• Supporting the Looked After Child’s carers in meeting the child’s health needs in an holistic way; this includes sharing with them any health needs that have been identified and what additional support they should receive, as well as ensuring they have a copy of the Care Plan;
  • Where a Looked After Child is undergoing health treatment, monitoring with the carers how this is being progressed and ensure that any treatment regime is being followed;
  • Communicating with the carer's and child’s health practitioners, including dentists, those issues which have been properly delegated to the carers;
  • Social workers and health practitioners should ensure the carers have specific contact details and information on how to access relevant services, including CAMHS;
  • Ensuring the Child has a copy of their health plan.
It is important that at the point of Accommodating a child, as much information as possible is understood about the child’s health, especially where the child has health or behavioural needs which potentially pose a risk to themselves, their carers and others. Any such issues should be fully shared with the carers, together with an understanding as to what support they will receive as a result.
  • Completes Section A of Form CH/LA/7;
  • This personal information should be available on the Child Care Admission Document. In the case of an emergency admission, use what information is available from this document, or that which can be directly obtained from the child's family. Alternatively, consider delaying the medical examination for a few days, in order to obtain further background medical history.

Designated Medical Advisers. Each of the Units providing Community Child Health Services in Nottingham District designates a Social Services Children's Medical Adviser to provide professional advice, interpret health reports and information, to assist in individual decision and to prepare and review arrangements for the health care of children 'Looked After'.

Team Manager/Reviewing Officer. The senior reviewing officer must ensure that arrangements are made to obtain a medical examination and report at the required intervals; and to see that the report, information and recommendations of the medical adviser are considered and that appropriate action is taken.

Examining Doctors. Request for medical assessments will be arranged by the relevant Health team The exception is a child being offered respite care who has regular medical oversight. In the interest of continuity and avoiding unnecessary medicals, the Senior Community Child Health Doctor in the child's base Health District should be asked to clarify who can do the assessment.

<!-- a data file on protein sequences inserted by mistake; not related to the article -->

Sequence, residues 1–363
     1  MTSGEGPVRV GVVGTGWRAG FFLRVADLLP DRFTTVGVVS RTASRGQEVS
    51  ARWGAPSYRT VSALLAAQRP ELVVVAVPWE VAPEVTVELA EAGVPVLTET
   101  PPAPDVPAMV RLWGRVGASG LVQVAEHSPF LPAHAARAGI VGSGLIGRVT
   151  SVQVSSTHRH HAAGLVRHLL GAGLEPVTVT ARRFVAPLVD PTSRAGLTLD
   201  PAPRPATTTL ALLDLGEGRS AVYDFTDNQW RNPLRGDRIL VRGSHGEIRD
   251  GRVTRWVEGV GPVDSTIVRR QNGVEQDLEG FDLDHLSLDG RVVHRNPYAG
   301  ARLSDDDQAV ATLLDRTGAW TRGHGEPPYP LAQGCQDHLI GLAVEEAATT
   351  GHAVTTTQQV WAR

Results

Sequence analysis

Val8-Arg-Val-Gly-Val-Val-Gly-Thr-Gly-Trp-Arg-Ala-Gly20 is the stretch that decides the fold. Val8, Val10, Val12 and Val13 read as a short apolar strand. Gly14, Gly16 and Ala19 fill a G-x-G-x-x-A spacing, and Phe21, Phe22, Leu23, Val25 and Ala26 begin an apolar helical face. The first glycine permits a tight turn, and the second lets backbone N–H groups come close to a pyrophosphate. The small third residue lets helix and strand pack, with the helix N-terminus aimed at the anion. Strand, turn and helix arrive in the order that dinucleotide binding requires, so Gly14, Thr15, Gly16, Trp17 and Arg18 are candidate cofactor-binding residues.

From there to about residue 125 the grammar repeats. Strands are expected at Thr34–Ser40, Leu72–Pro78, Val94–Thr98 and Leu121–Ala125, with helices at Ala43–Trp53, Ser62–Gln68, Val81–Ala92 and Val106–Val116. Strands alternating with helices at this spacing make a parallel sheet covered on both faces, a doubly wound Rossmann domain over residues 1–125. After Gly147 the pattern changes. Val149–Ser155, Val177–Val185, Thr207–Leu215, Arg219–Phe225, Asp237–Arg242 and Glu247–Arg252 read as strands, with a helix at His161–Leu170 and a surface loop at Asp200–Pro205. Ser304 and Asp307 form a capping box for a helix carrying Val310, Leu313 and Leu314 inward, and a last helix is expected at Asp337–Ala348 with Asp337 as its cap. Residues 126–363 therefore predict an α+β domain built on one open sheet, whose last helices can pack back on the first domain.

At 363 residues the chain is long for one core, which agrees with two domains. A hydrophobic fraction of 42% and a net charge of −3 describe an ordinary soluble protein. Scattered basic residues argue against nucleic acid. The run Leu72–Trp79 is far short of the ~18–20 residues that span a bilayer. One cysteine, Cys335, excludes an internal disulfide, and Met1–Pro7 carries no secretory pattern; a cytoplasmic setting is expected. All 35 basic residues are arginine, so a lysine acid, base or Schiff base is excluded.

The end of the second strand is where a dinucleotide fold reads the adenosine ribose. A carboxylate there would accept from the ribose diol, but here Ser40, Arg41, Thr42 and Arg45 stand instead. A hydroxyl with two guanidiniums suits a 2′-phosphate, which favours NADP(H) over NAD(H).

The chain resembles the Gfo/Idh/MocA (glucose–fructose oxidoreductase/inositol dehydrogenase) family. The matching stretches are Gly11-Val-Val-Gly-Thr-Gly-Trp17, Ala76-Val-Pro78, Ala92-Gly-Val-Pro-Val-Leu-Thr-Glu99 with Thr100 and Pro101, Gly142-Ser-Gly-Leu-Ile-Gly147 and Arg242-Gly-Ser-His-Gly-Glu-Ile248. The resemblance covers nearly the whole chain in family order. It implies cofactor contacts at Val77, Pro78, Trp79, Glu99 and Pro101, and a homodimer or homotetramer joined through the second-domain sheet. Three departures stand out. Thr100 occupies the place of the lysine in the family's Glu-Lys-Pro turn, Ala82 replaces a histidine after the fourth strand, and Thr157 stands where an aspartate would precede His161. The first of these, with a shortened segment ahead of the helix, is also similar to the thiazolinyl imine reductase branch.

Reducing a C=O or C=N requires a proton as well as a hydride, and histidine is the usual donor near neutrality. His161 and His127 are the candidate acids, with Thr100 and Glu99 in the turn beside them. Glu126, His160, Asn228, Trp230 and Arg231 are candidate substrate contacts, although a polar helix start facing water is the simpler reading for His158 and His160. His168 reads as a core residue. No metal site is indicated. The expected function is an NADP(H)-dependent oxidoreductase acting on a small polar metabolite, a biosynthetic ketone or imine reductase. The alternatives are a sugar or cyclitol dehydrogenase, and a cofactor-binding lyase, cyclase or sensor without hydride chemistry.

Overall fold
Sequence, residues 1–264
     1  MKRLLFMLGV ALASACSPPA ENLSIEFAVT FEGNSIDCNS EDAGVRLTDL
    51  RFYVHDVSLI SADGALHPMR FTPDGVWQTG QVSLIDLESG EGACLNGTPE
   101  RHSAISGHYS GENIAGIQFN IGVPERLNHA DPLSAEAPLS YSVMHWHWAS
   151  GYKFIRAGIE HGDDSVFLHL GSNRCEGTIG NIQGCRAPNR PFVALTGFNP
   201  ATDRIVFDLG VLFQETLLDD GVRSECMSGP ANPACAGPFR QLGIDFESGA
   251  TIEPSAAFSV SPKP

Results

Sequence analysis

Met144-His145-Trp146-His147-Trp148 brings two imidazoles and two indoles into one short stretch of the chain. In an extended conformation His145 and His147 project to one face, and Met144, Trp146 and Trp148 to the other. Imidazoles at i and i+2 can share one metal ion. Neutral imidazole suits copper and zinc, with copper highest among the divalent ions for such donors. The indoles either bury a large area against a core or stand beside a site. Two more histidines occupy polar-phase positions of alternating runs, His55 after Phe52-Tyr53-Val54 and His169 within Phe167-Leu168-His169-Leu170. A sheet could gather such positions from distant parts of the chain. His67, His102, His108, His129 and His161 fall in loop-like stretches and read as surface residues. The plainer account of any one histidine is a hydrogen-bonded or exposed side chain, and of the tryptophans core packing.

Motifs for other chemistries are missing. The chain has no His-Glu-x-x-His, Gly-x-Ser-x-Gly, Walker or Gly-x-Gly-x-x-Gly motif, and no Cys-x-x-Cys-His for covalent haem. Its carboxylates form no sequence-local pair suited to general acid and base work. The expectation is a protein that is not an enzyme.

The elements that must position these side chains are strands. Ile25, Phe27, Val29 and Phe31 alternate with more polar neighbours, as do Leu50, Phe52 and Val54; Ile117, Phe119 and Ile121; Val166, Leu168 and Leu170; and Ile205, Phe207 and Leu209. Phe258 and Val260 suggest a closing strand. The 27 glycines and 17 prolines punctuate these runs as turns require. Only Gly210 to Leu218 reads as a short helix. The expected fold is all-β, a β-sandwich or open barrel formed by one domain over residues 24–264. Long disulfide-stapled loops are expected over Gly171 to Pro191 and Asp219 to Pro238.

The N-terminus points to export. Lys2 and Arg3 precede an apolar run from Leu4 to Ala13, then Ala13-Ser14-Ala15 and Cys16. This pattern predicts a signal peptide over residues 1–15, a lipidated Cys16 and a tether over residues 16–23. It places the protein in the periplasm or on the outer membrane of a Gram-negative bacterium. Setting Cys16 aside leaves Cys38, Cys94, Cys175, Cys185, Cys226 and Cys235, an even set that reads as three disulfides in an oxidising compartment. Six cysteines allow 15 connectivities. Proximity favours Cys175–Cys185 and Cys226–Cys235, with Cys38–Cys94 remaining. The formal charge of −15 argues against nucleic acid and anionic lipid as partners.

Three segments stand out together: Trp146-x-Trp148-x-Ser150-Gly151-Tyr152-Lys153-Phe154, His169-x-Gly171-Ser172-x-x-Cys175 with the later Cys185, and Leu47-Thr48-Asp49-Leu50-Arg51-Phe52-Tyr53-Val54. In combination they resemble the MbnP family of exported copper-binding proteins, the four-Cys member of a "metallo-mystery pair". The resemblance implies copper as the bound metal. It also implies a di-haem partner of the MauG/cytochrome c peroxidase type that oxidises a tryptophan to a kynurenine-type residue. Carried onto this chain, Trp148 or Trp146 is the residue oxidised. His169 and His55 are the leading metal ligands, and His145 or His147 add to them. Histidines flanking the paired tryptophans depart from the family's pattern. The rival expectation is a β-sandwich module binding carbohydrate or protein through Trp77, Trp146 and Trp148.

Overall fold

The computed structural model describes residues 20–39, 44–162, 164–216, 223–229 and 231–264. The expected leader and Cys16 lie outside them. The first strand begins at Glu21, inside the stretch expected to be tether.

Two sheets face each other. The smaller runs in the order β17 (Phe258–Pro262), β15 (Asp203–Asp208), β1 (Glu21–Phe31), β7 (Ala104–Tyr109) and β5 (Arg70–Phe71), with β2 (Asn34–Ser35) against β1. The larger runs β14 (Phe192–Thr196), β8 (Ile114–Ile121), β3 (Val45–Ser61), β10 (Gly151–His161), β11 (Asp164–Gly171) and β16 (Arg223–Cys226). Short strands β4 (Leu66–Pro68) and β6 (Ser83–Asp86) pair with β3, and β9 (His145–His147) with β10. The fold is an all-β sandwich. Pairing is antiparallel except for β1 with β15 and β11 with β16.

6. Refusals

Where a child is of sufficient understanding he/she may refuse to submit to part or all of the examination. The reasons should be recorded and the medical report form is still required. If a young person refuses to attend - the carer should notify the social worker. Also the administrative officer should notify the Team Manager of non-returned medical forms and record this. The Team Manager/SW should notify the Health team

7. Health Authority Advice and Payment

Any statutory medical reports completed by a general practitioner for a child Looked After will be sent to the Senior Child Health Doctor for the child's base Community Child Health Unit. This Doctor, if satisfied that the task has been completed, will add advice/comments to the report to the District Office, before authorising Health Authority payment at the standard rates to the examining doctor.

8. Confidentiality

In the majority of cases, apart from medical reports on children 'looked after' it will be appropriate to share medical information with children, parents and carers unless the medical report form states that the doctor signifies his disagreement with this. The report is not copied or provided to others except to carers in the pursuit of the placement and health care needs of the child. The consent of the person's authority providing the report would be sought for any other use.

9. Strength and Difficulty Questionnaires

Understanding a Looked After Child’s emotional, mental health and behavioural needs is as important as their physical health. All Local Authorities are required to use the Strength and Difficulty Questionnaires (SDQs) to assess the emotional needs of each child.

The SDQ Questionnaire, along with any other tool which may be used to assist, can be used to identify the needs and be part of the child’s Health Plan.

(See Appendix B of the ‘DfE promoting the health and well-being of looked-after children’, Strengths and Difficulties Questionnaire).

10. Out of Area Placements

Where an Out of Authority placement is sought, the responsible authority should make a judgment with regard to the child’s health needs and the ability of the services in the proposed placement area to fully meet those needs. The placing authority should seek guidance from within its own partner agencies and the potential placement area to seek such information out.

The originating CCG, the current CCG (if different) and the proposed area’s CCG should be fully advised of any placement changes and to ensure that any health needs or heath plan are not disrupted through delay as a result of the move.

Where these are Placements at a Distance the Care Planning, Placement and Case Review (England) Regulations 2010 (as amended) make it a requirement that the responsible authority consults with the area of placement and that the Director of the responsible authority must approve the placement.

Where the child’s health situation is more complex, it is likely that both Health and Children’s Social Care services will need to be commissioned; this will need to be undertaken jointly within the originating agencies’ respective fields of responsibility together with the Health and Children’s Social Care services in the area where the child is placed.